The new Tascam US-2400 Control Surface is also pre-mapped for any
DAW software that supports HUI or Mackie Control protocols. The unit
features 24 touch-sensitive moving faders, rotary encoders with LEDs
(remappable as 4-band EQ sections, for example) and a joystick
controller. Bank switching enables access to 192 DAW channels. A
transport section features a jog/shuttle wheel.


The third scenario would be to develop a dedicated set of commands
that a DAW could recognize; arrange for them to be sent at a
sufficiently rapid rate so that we can develop medium- and large-format
console topologies; and store all of the frame-accurate settings within
the DAW. Instant recall of every parameter is now possible, along with
the availability of familiar designs of control surfaces. A number of
manufacturers, including Euphonix and Fairlight, are developing such
capabilities and their motivation is pretty obvious: Euphonix, like
other makers of large-format digital consoles, has obviously seen the
writing on the wall — Big is Expensive. A great deal more
functionality is now available from DAWs based on commodity processors,
and the only serious drawback has been how to control all of this

Euphonix’s EuCon object-oriented Command Protocol allows a mixing
console to control third-party DAWs, special-purpose DSP hardware and
software plug-ins. “Existing command-based interfaces were not up
to the task,” says Martin Kloiber, Euphonix executive VP of
technology, “because they were either too rigidly limited in
their format or put too much programming burden on the developer, or

“An object-oriented interface is a good choice because mixing
consoles and audio processors fit neatly into the object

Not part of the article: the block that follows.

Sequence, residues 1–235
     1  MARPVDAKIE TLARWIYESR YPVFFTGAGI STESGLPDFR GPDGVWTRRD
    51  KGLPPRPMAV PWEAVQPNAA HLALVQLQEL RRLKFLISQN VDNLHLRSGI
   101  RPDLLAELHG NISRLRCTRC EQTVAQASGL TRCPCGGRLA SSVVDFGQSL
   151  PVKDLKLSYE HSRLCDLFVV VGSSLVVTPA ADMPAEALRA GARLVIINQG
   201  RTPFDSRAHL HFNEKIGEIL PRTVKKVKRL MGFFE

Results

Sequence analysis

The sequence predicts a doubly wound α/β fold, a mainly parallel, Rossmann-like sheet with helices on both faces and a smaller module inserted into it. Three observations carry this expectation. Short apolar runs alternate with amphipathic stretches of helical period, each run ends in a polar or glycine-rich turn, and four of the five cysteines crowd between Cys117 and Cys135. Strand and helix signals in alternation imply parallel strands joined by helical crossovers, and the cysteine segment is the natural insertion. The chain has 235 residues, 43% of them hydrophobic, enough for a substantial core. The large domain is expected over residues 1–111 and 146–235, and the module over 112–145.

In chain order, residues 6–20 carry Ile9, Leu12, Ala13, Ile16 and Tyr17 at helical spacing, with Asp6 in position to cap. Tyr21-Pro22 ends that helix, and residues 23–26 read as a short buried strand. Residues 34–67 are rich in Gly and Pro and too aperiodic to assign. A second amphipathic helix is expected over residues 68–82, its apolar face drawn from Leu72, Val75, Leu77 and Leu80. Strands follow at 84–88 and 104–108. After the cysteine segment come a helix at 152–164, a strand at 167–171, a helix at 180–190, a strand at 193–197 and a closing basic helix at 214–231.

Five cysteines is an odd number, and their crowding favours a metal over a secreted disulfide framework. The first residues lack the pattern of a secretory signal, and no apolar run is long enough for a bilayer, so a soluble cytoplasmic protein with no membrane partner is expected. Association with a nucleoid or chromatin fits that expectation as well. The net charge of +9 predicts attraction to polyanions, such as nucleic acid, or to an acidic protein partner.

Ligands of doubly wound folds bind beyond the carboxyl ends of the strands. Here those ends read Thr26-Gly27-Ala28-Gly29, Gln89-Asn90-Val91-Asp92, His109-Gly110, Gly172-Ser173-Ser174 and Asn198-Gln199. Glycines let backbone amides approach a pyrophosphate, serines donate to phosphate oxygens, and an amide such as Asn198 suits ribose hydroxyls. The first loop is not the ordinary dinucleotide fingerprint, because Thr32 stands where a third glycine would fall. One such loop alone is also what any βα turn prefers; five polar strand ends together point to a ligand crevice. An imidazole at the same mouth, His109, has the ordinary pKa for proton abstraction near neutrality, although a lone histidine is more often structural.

paradigm,” Kloiber continues. “Channels, buses, faders,
knobs, meters and such are all easily comprehended as discrete objects.
Also, consoles typically have a hierarchical design that lends itself
well to object modeling. For example, a console includes many
replicated channels, each channel including a fader that has a level
control slider, mute switch and so on.”

EuCon is currently being used to control the Euphonix System 5 DSP
Engine from the S5’s (and post/broadcast variants) assignable control
surfaces and within the new MC Intelligent Application Controller.
“The [EuCon] architecture will allow several DAWs to be
controlled from a System 5 for film-dubbing applications,” offers
Kloiber. “The operator will be able to bring each individual
track from any of the DAWs up on the System 5 control surface, as well
as handle all audio patching between systems.” In addition to
conventional fader, knob and switch commands, EuCon includes
instructions for DAW plug-ins and other functions relevant to edit
functions. A prototype of the MC Controller was shown at the New York
AES Convention last fall; production versions are expected to be
unveiled at the upcoming San Francisco Convention in October.
“The MC is a DSP-less console,” Kloiber emphasizes.
“All of the control takes place inside the workstation. EuCon can
also act as a hub to translate different protocols between different

Euphonix is closely working with Steinberg and other DAW
manufacturers to enable full MC control. At recent trade shows,
Euphonix demonstrated work-in-progress with Nuendo and is in discussion
with other DAW makers. “Our philosophy is to enable users to